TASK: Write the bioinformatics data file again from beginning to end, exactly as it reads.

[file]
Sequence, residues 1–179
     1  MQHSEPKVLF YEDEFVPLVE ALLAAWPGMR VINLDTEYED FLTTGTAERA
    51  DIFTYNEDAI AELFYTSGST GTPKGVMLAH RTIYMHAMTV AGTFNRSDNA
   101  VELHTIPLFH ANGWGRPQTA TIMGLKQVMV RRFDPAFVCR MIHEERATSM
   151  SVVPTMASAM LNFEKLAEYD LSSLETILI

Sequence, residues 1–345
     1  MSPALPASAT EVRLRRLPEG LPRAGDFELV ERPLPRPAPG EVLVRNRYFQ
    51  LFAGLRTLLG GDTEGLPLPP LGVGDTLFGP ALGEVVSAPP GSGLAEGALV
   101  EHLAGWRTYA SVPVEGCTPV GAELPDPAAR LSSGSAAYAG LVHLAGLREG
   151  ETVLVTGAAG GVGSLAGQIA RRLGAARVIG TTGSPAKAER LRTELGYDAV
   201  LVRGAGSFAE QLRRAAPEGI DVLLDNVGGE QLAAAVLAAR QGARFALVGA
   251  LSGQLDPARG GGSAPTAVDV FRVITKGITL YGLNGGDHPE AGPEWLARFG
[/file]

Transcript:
Sequence, residues 1–179
     1  MQHSEPKVLF YEDEFVPLVE ALLAAWPGMR VINLDTEYED FLTTGTAERA
    51  DIFTYNEDAI AELFYTSGST GTPKGVMLAH RTIYMHAMTV AGTFNRSDNA
   101  VELHTIPLFH ANGWGRPQTA TIMGLKQVMV RRFDPAFVCR MIHEERATSM
   151  SVVPTMASAM LNFEKLAEYD LSSLETILI

Sequence, residues 1–345
     1  MSPALPASAT EVRLRRLPEG LPRAGDFELV ERPLPRPAPG EVLVRNRYFQ
    51  LFAGLRTLLG GDTEGLPLPP LGVGDTLFGP ALGEVVSAPP GSGLAEGALV
   101  EHLAGWRTYA SVPVEGCTPV GAELPDPAAR LSSGSAAYAG LVHLAGLREG
   151  ETVLVTGAAG GVGSLAGQIA RRLGAARVIG TTGSPAKAER LRTELGYDAV
   201  LVRGAGSFAE QLRRAAPEGI DVLLDNVGGE QLAAAVLAAR QGARFALVGA
   251  LSGQLDPARG GGSAPTAVDV FRVITKGITL YGLNGGDHPE AGPEWLARFG